Table 6   Views included in Toolkit

View Name

Description

Connections

Shows all the connections.

ConnectionsMapping

Shows by ID which source connections map to which target connections.

DataFlows

Shows all the data flow tasks.

LineageMap

Shows each lineage object as a pair of IDs for the source and target objects.

ObjectRelationships

Shows the parent-child relationships between objects, by ID.

Packages

Lists all packages that have been scanned by DependencyAnalyzer.

SourceTables

Lists all tables that are defined as sources in a package.

TableLineageMap

Shows the mappings between source and target tables.

TargetTables

Lists tables that are defined as targets in a package.

Although these views and the other tools in this Toolkit let you view the data, to extend the schema for support of modeling repositories or other ETL systems such as Ab Initio, you will have to know how to insert metadata into the back-end tables. The following table lists the tables in the SSIS_META database, and what each table is used for. You can then use these tables to extend the tool into areas that it does not currently analyze.

Table 7   List of tables in SSIS_METADATA

Table Name

Description

Audit

Contains a list of audited objects and the information that is captured about each object. Provides a template to help you build an audit trail of the metadata that you load.

ObjectAttributes

Contains name and value pairs for each attribute that is audited for a specific object: for example, information about a package includes the attribute names PackageGUID and GUID, together with their values. This information is used to create lineage maps.

ObjectDependencies

Contains a list of objects and the relationships between them. Used to create a hierarchy of metadata and to map sources to destinations.

Objects

Contains a list of objects scanned by Dependency Analyzer.exe. Can be extended to contain any object that you'd like to record lineage on: for example, a table, data flow task, or connection.

ObjectTypes

Lists the types of objects to analyze, including transformations, tasks, and dimensions. The initial types included in this table are controlled by the command-line switches of DependencyAnalyzer.

One key point to remember is that the DependencyAnalyzer tool will delete all your records and refresh the tables each time it runs. Therefore, if you extend the tool by inserting your own data into these tables, you will need to develop some process to back up your data and reload it into the tables after the DependencyAnalzyer has run. You can also customize the DependencyAnalyzer tool to fit your needs using the source code that is provided.

If you extend the tool to scan additional metadata from applications such as Business Objects or ErStudio, you will need to create an additional enumerator in the Visual Studio project. You will also need to add your enumerator into the program.cs file. The following table lists the C# files in the DependencyAnalyzer tool that you can use as a model for these modifications.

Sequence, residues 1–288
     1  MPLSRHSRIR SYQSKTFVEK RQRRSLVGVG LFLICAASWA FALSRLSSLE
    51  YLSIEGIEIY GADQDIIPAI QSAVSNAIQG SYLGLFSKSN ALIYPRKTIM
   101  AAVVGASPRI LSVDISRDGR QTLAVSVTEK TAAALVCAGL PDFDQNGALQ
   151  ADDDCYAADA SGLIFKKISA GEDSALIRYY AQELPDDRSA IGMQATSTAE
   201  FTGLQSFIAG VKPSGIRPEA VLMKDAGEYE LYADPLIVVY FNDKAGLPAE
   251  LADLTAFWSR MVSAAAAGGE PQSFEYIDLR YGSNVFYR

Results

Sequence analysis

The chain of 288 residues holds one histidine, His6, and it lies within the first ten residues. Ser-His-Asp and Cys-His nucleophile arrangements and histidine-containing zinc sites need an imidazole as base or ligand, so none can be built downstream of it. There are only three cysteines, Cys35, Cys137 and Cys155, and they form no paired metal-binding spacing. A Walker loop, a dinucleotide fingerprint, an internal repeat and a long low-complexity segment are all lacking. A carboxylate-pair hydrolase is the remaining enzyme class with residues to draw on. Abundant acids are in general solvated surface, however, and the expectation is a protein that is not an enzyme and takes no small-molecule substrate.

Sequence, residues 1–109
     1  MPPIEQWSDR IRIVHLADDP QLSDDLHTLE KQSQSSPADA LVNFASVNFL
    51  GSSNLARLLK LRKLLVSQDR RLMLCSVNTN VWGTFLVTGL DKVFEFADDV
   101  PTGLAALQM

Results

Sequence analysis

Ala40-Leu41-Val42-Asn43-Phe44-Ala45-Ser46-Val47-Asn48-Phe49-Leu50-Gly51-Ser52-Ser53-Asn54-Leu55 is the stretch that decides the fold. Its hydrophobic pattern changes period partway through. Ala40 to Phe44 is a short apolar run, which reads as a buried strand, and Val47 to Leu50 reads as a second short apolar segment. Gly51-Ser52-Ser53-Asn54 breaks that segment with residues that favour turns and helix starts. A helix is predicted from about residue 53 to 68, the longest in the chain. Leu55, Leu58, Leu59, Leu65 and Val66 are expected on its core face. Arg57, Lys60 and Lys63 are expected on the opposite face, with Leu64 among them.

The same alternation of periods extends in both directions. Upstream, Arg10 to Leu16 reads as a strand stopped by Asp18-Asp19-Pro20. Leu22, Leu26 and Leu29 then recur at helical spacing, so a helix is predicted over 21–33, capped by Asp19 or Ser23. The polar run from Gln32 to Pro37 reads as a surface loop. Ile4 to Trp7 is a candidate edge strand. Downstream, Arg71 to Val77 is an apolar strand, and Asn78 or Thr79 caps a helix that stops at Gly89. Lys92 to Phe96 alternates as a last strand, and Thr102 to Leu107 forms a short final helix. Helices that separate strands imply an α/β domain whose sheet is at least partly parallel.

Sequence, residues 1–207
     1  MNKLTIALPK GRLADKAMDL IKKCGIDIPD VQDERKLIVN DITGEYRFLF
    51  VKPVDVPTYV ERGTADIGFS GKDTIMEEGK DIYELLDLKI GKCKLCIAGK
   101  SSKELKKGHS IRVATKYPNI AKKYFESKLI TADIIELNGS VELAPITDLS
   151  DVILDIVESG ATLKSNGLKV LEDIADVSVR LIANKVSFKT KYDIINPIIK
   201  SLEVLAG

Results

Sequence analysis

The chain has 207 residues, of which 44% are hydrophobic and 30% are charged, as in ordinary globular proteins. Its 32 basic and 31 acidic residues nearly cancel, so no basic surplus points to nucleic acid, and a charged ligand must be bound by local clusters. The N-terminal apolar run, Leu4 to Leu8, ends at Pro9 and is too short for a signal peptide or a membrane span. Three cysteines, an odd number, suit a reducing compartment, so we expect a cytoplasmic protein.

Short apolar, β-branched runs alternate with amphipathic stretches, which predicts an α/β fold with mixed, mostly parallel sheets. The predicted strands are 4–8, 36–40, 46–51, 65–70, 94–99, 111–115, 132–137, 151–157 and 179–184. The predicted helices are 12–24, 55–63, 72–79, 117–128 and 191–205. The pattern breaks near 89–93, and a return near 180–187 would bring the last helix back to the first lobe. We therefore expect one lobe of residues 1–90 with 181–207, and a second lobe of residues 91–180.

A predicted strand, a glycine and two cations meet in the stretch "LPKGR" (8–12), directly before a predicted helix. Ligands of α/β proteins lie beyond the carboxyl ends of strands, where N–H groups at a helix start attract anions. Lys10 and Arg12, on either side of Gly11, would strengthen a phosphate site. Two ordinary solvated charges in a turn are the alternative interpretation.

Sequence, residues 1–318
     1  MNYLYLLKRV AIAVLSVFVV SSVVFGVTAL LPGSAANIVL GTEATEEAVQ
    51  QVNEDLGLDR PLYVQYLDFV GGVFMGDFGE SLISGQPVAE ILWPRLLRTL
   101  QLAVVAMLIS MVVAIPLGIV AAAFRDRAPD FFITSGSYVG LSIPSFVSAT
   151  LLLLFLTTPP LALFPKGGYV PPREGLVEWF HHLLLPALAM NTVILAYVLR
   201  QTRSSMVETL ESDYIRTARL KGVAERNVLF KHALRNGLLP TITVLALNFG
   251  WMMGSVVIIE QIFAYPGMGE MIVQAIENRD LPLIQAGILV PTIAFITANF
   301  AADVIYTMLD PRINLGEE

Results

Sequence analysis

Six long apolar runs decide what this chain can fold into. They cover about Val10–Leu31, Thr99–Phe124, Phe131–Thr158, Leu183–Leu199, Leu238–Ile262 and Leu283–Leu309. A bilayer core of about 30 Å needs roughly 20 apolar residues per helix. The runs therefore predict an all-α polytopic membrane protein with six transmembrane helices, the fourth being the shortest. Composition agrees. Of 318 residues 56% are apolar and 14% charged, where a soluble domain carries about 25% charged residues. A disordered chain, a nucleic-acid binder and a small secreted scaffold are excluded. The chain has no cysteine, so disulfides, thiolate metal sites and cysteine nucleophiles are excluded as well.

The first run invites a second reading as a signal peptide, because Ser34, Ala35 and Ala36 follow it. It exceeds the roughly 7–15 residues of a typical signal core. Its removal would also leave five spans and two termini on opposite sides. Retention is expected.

Table 8   C# Files in DependencyAnalyzer

File

Description

CommandLineArguments.cs

Contains the command line switches that are used in Dependency Analyzer.

FileEnumerator.cs

Enumerates through the files that are used as sources or destinations in SSIS packages.

NativeMethods.cs

Contains the objects used to support COM interop for converting ProgIDs to CLSIDs.

Program.cs

Contains the core shared objects for the program that calls the enumerators.

RelationalEnumerator.cs

Enumerates through the relational database tables.

Repository.cs

Defines the objects in the SSIS_META database.

SSASEnumerator.cs

Enumerates through the SQL Server Analysis Services databases.

SSISEnumerator.cs

Enumerates through the Integration Services packages.

Microsoft SQL Server 2005 BI Metadata Samples Toolkit: Step-by-Step

In this step-by-step guide to using the SQL Server 2005 BI Metadata Samples Toolkit, we assume that your instance of SQL Server contains at least one SSIS package. If you do not have an existing SSIS package, you can install the SSIS sample packages. If you selected to install the samples but cannot see them in SQL Server Management Studio (SSMS), you will need to import the sample packages into SSMS. By default, samples are located in the folder \Program Files\Microsoft SQL Server\90\Samples\Integration Services\Package Samples.

The following procedure explains how to download, extract, and open the SQL Server 2005 BI Metadata Samples Toolkit:

  1. Download and run the SQL Server 2005 BI Metadata Samples Toolkit from MSDN. By default, the SQL Server 2005 BI Metadata Samples Toolkit is installed in the folder C:\Program Files\Microsoft SQL Server BI Metadata Samples.

  2. In SQL Server Management Studio, connect to the instance of SQL Server that will hold your metadata repository and create a database named SSIS_META.

  3. Open a new Query window and switch to the SSIS_META database. Open and execute the SSIS_META_creation.sql script. If you used the installation defaults, this script file can be found in C:\Program Files\Microsoft SQL Server BI Metadata Samples\SQL. This script creates the necessary objects in the SSIS_META database.